You are using an old browser with security vulnerabilities and can not use the features of this website.
* A video recording of the lecture is available below *
Video recordings are also available for:
An exclusive interview with Paul Bandia is also available.
In contemporary philosophy and cultural theory, the terms flight and territorialization are tightly connected to concepts introduced by French poststructuralists Gilles Deleuze and Félix Guattari, most notably in A Thousand Plateaus. By what they call “lines of flight”—unpredictable, unruly routes defying spatial control—, they refer to the break-up of a hegemonic spatial semantics through the mobility associated with the figure of the nomad. The concept is closely connected with that of “deterritorialization“ as a strategy to contravene normative spatial structures—“striated” space—, and to produce “smooth space,” space that escapes structuration and control. For Deleuze and Guattari, deterritorialization has a positive value: “write, form a rhizome [i.e., networks of unstructured offshoots and trajectories across smooth spaces], increase your territory by deterritorialization” (1987/1980: 11). In this light, my title is deliberately oxymoronic, as it associates lines of flight with the territorialization process rather than deterritorialization. Postcolonial criticism, most notably Gayatri Spivak, has held Deleuze’s philosophy accountable for reaffirming a European universal (male) subject. Even these critics, however, have not debated the Deleuzian conception of lines of flight and deterritorialization. These concepts appear not just as starkly normative but also as grossly romantic if applied to refugee subjectivities—subjectivities deprived of agency and involuntarily deterritorialized in toto—physically, culturally, and in terms of identity.In my lecture, I am asking how literature and its readers can perform the work of a conceptual corrective to such fashionable theories. I am taking up the prevalence of flight to Western societies, which are today exhorted once more to shelter the “huddled masses yearning to breathe free / The wretched refuse“ of so many shores, “the homeless“ and “tempest-tossed,“ to recall Emma Lazarus’s “The New Colossus“ (1883) and examine the territorialities of flight articulated in the short story “Children of the Sea“ by Haitian-American writer Edwidge Danticat (1991) and the novel Dogs at the Perimeter by the Chinese-Malaysian Canadian Madeleine Thien (2011). Danticat’s story focuses on the Haitian “boat people“ that attempted to reach Florida shores in the 1980s and 1990s, while Thien examines the Red Khmer genocide in Cambodia and its consequences for the children that came to Canada as refugees. Both are informed by what Achille Mbembe has called the necropolitics of genocide and demographic control rather than by the immigrant narrative, which usually takes off with the migrants’ arrival and focuses on immigrant life in a new environment. This necropolitics, as Mbembe claims, dictates who may live and who must die, who finds shelter and who is left to drown; accordingly, both texts offer insights into such precarious, deterritorialized subjectivities and perform a grueling critique of the necropolitical structures that continue to produce transoceanic diasporas.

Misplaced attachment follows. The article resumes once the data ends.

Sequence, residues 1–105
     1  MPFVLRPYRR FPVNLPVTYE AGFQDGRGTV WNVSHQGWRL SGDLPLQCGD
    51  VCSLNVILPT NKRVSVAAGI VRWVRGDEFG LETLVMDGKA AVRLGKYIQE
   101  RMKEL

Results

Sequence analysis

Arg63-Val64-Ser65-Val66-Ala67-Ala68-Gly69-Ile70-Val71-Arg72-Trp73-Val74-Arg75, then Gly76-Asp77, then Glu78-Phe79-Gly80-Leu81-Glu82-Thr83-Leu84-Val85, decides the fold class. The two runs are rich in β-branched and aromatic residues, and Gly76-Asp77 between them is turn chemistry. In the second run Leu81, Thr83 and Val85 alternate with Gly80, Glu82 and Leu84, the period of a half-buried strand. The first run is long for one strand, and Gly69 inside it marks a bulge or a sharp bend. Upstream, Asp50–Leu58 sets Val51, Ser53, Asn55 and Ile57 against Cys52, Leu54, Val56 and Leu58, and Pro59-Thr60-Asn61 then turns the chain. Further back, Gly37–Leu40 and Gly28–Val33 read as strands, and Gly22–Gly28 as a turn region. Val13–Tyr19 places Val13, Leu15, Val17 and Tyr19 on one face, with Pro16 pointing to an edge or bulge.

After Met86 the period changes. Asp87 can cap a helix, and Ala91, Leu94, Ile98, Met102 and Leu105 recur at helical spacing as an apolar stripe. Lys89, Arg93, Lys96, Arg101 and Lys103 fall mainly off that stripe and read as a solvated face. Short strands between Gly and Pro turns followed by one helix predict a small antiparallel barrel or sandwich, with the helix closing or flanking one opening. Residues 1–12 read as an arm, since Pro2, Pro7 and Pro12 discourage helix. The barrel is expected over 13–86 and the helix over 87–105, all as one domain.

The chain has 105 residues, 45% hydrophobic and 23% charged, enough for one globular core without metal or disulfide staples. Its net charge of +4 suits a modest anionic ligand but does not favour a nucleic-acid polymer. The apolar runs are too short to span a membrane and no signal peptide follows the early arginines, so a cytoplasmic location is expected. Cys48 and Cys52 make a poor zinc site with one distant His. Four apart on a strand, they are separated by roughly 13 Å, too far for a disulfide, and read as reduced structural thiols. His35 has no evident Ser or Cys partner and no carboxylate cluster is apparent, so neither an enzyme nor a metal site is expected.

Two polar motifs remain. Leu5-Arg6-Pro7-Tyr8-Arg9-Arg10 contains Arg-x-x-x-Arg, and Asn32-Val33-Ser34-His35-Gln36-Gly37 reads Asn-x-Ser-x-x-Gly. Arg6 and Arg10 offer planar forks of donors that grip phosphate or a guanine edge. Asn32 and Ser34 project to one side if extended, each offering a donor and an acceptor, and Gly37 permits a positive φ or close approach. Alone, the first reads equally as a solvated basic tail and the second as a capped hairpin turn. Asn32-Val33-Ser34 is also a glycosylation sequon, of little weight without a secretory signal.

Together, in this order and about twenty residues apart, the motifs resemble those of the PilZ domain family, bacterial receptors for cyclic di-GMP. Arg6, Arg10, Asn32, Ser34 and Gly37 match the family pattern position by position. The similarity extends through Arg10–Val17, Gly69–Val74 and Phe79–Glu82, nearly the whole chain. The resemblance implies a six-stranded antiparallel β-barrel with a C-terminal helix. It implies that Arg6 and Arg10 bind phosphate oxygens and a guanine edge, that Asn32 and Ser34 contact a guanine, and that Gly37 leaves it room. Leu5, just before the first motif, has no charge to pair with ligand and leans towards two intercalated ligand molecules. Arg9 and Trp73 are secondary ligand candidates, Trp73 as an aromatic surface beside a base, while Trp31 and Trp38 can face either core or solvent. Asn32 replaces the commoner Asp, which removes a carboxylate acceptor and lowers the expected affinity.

Thursday, May 18th 2017; 18-20 // Campus Neues Palais, Building 9, Room 2.15 (second floor)
Seminar with Alexandra Ganser (University of Vienna)
Friday, May 19th 2017; 10-12
is professor for American literary and cultural studies and Executive Director of the Centre for Canadian Studies (ZKS) at the University of Vienna as well as Key Researcher of the Interdisciplinary Research Platform “Mobile Cultures and Society“ (univie.ac.at/mobilecultures). Her research interests include mobility studies, early American and antebellum popular culture, gender studies, transatlantic American studies, Native American studies, and ecocriticism. Her current book project, sponsored by the Austrian Science Fund (FWF), examines transatlantic representations of piracy before the Civil War and is titled Crisis and Discourses of (Il)Legitimacy in Transatlantic Narratives of Piracy, 1678-1865 (to be published with Palgrave Macmillan this year). She holds a doctoral and postdoctoral degree in American literary and cultural studies from the University of Erlangen-Nuremberg, Germany. She was Christoph-Daniel-Ebeling Fellow at the American Antiquarian Society (2010) and is Fulbright Alumna (University of Oklahoma at Norman, 2003/04). Other book publications include: Roads of Her Own: Gendered Space and Mobility in American Women’s Road Narratives, 1970-2000 (dissertation; Rodopi, 2009); Pirates, Drifters, Fugitives: Figures of Mobility in American Culture and Beyond (ed. with Heike Paul & Katharina Gerund, 2012) and Transgressive Television: Politics, Crime, and Citizenship in 21st-Century American TV Series (ed. with Birgit Daewes and Nicole Poppenhagen, Winter 2015).